And as I said, quite a few things feel like they'll be returned to when Blood & Sand resumes its story next year: given his parting words to Solonius, Vettius is likely to return and reclaim his ludus; I get the feeling there's unfinished business between Naevia and the smug Roman who crushed her friend's spirit; Gannicus will undoubtedly return to help Crixus and Spartacus in their quest, as the history books show he was a general in their army; and the denouement confirmed that pregnant Lucretia wasn't slain, so she'll be out to avenge her husband's death. It remains to be seen if Gannicus will ever reveal to Oenamaus that his wife was unfaithful before her death, but he wisely kept the matter a secret here.
It remains to be seen if Spartacus: Vengeance will soar or flounder without the ludus as a backdrop, but hopefully it will broaden the show's ambition. As much fun as it's been, I'm not convinced the writers could get more mileage from the existing premise, so a change is probably for the best. Just as long as they continue to give us big emotions, treachery, shocking deaths, fizzing melodrama, buckets of blood, vicious violence and plenteous nudity, they should be fine.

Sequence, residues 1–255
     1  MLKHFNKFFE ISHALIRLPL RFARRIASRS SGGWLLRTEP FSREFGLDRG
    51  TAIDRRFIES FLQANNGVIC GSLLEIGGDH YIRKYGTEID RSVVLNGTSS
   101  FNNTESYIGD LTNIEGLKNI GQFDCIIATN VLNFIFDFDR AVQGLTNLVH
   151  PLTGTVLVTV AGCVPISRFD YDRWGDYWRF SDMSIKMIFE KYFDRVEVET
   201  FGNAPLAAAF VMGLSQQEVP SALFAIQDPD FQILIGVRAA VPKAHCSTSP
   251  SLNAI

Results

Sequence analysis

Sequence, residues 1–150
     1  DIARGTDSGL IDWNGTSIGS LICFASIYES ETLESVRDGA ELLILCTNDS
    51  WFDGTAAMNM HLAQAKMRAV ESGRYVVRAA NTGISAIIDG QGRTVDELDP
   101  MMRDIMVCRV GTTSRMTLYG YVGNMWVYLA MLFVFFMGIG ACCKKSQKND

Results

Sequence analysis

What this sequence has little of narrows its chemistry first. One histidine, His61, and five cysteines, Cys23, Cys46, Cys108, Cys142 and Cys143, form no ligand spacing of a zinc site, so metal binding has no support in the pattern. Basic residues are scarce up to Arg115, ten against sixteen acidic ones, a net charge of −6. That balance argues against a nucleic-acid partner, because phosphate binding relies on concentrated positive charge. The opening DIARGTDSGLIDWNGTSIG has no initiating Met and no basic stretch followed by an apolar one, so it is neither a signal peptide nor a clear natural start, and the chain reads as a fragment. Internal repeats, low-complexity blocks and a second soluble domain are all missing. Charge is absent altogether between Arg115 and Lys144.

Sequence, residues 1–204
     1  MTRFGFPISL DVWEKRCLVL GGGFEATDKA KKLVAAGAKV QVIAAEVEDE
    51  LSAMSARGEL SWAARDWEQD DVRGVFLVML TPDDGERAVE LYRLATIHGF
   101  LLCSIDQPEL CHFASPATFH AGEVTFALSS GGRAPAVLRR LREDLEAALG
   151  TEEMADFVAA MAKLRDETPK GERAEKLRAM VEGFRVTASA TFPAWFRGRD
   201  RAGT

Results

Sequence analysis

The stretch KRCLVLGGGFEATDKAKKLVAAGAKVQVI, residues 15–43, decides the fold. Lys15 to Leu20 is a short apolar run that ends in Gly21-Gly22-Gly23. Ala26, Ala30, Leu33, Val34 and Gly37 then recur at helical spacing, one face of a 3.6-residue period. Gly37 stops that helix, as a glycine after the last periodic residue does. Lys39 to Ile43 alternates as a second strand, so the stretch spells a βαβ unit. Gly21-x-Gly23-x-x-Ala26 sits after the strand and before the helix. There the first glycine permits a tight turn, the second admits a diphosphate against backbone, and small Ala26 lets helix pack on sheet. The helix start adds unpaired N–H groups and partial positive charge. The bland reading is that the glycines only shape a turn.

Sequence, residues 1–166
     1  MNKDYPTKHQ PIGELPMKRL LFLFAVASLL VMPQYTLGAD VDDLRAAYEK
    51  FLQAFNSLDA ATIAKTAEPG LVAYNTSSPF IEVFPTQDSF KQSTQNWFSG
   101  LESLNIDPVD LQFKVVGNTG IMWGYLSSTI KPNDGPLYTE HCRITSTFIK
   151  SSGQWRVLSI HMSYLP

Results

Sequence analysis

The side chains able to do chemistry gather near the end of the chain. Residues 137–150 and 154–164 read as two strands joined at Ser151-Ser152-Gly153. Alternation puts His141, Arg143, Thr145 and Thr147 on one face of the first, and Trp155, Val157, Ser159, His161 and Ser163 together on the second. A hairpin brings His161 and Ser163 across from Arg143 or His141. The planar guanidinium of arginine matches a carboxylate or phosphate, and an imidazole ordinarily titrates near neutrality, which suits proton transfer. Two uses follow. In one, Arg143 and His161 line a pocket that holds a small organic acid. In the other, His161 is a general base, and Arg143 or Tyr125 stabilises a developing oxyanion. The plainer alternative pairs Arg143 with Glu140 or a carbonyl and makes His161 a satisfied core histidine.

- Yes, I'm aware now that Gannicus's fate should have come as no surprise if you know your Ancient history. I actually made a point of avoiding too much real-life information on Spartacus's uprising during Blood & Sand, and I'm glad I did. I spent these past six weeks thinking Gannicus could be killed at any moment, which gave the show added life.